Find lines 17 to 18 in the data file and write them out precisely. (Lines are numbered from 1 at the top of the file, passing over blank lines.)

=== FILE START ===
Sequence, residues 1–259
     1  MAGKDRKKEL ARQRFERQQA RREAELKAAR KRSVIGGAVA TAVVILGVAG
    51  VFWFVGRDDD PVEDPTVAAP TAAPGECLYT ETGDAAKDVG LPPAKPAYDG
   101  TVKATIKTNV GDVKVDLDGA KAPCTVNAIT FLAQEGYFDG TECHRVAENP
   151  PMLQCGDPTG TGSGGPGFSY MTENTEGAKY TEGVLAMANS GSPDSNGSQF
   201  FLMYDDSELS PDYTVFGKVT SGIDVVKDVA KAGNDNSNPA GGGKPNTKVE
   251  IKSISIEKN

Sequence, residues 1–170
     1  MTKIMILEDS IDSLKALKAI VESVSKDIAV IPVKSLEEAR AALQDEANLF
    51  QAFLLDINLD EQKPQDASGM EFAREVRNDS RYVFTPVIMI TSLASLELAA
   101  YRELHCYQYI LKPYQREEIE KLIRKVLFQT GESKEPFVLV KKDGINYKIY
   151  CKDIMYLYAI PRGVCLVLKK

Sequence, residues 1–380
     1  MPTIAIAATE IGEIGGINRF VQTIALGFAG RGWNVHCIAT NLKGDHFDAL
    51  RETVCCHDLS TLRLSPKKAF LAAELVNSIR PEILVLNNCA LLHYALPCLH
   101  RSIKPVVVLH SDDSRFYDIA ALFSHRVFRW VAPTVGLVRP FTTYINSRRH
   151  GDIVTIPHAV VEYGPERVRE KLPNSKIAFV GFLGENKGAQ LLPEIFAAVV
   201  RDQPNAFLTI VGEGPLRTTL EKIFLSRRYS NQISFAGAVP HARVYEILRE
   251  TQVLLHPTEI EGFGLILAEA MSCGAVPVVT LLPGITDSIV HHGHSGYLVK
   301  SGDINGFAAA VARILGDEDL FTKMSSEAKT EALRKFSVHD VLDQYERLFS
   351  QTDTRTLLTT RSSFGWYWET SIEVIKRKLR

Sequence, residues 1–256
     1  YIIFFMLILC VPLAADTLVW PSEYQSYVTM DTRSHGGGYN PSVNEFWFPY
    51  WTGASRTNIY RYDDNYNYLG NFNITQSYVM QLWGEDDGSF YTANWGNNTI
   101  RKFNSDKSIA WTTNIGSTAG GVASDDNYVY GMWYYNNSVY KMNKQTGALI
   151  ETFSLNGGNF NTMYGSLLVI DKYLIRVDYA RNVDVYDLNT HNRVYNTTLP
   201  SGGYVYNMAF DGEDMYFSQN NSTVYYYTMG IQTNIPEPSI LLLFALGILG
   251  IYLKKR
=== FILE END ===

   151  GDIVTIPHAV VEYGPERVRE KLPNSKIAFV GFLGENKGAQ LLPEIFAAVV
   201  RDQPNAFLTI VGEGPLRTTL EKIFLSRRYS NQISFAGAVP HARVYEILRE